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NEWS | Dec. 15, 2023

Total Army approach to Yama Sakura 85

By Sgt. Joshua Oh I Corps

A U.S.-Japan-Australian trilateral command post exercise, Yama Sakura 85 (YS 85), commenced as the largest iteration in its 42 years of history. As the rising sun emerges on the horizon, service members from each nation are fully engaged in a simulated scenario concentrated on the defense of Japan. Participants focus on identifying enemies, safeguarding assets and equipment on the ground, attending working groups, and consuming seemingly endless Japanese vending machine coffees to support this new trilateral event.

The human element of interoperability between nations is the key focus and challenge for every section in this exercise. Lt. Col. Patrick D. Blankenship, America’s First Corps assistant chief of staff of civil affairs (G9) and the director of civil affairs for the exercise, is all too familiar with this aspect, as this is not his first YS.

“The most important thing I’ve found when working with our allies and partners is that we both understand each other,” said Blankenship. “Our cultural bias in the Army is to go fast and in many cases, go alone; we have to deliberately slow ourselves down so we can go together and as a result, we’ll go further.”

The integration and interoperability of Army Reservists in Yama Sakura are just as important. Gaining work experience with the U.S. Army Reserve and National Guard is invaluable because all components of the U.S. Army operate together in real-world scenarios.

“The Total Army approach to how we do business, both in exercises and operations, is with all three components working together,” said Blankenship. “Whenever we can, especially in civil affairs, we try to incorporate a multicomponent business model for execution with a plan that leverages each component during the exercise.”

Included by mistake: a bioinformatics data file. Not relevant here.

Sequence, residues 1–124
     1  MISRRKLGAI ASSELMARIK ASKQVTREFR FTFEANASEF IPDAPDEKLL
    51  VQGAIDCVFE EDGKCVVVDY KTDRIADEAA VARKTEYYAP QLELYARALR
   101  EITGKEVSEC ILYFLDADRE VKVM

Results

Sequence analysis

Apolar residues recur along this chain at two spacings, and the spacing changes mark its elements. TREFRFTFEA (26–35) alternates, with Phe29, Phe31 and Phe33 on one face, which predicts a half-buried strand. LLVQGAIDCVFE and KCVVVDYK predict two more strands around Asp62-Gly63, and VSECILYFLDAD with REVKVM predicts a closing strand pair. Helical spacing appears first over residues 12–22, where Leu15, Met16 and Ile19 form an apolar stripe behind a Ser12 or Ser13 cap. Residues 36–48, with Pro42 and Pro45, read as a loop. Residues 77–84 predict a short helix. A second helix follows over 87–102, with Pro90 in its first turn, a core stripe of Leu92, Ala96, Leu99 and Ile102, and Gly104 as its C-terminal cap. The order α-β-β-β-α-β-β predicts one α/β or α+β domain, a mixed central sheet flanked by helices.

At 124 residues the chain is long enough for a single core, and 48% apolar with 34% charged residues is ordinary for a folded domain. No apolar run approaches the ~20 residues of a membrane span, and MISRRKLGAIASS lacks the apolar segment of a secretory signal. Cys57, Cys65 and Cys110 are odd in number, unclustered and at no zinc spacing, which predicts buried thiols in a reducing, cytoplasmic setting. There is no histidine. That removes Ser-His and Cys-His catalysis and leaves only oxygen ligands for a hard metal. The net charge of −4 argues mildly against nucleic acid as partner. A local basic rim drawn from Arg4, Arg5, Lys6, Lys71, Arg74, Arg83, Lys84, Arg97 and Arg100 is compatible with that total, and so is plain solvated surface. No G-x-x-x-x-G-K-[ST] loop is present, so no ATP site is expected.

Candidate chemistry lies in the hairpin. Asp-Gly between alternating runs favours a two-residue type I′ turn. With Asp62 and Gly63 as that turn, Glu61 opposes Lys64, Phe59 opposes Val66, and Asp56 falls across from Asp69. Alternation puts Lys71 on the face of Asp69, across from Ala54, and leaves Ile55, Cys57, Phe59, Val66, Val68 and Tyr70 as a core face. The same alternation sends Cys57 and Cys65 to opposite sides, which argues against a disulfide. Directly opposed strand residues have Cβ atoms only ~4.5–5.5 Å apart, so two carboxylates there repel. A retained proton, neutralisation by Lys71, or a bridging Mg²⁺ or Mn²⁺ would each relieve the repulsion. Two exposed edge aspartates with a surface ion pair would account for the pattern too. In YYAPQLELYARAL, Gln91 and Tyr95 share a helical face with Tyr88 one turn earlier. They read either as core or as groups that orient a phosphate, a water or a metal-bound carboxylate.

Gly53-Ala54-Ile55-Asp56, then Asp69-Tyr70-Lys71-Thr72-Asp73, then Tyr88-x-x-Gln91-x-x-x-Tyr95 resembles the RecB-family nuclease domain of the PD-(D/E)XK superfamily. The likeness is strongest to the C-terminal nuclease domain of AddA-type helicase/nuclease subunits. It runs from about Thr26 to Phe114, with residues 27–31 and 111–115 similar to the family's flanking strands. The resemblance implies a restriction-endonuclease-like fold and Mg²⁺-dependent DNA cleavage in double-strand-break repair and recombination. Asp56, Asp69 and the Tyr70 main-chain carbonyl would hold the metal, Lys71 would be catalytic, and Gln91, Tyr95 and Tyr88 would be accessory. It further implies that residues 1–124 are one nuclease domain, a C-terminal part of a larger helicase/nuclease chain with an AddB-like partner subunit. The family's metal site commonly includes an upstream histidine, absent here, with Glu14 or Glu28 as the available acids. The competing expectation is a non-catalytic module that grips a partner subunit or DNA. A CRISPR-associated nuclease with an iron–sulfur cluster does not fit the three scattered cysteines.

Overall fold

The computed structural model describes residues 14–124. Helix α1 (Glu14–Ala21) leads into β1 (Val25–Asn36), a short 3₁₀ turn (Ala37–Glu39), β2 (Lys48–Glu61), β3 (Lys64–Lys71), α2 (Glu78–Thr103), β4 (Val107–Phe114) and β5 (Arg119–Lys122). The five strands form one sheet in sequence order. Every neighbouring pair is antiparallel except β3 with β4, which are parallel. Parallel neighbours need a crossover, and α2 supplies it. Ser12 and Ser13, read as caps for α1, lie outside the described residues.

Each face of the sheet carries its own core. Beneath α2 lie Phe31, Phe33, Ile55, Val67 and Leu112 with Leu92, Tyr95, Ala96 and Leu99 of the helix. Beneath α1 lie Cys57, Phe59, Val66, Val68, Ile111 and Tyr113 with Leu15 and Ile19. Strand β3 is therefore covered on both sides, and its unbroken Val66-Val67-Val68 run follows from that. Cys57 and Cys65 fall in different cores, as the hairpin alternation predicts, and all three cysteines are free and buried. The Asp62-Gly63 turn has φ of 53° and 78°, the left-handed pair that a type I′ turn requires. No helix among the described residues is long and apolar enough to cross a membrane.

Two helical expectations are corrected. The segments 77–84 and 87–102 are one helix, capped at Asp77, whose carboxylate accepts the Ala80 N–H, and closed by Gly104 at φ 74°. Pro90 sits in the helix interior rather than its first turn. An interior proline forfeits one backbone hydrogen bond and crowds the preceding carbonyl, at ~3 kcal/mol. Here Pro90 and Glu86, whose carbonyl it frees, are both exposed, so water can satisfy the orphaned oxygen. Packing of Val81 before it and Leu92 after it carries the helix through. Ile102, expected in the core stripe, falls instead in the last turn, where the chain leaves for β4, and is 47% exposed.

Blankenship hopes everyone in his section of the exercise leaves with these valuable experiences by providing them with realistic training. He states he wants to build his subordinates' sense of confidence by having them overcome difficult experiences and come out on the winning side.

“I try to give everyone realistic training by throwing them right into the driver’s seat,” said Blankenship. “There’s no better way to learn than to take the lead on something or having to brief a senior.”

U.S. Army Reservist Capt. Bryan Thompson, a judge advocate with the 364th Civil Affairs Brigade, shares his account of Blankenship’s trial-by-fire method. The Japan Ground Self-Defense Force’s Ground Component Command headquarters is the proving ground for his experience.

“I remember being told that I was going to be in the non-kinetic working group and I haven’t had the chance to step up to brief in that capacity yet, but being there to represent civil affairs has been really important to me,” said Thompson. “I’m here trying to learn all the elements that CA is responsible for as quickly as I can, but seeing all the pieces come together has been a tremendous learning opportunity that I'm absorbing, and I really enjoy it.”
Blankenship recommends the incorporation of Army National Guardsmen in next year’s YS. He states that in order for his section to perform at an even higher level, additional personnel from the ANG is necessary to increase the capabilities of the CA section.

“Next year, I would incorporate National Guard capabilities to represent the maneuver enhancement brigades,” said Blankenship. “That would introduce a whole new level of realism and interoperability to this exercise.”

Blankenship states that he is very proud to be here with America’s First Corps and the ability to work with the allies and partners.

“When we do have to fight, we’re going to fight shoulder-to-shoulder with our allies and partners,” said Blankenship. “It’s important that we continue to build this friendship and trust, which will be the main product of this exercise so that we can rely upon it if we need to face our final test and fight together.”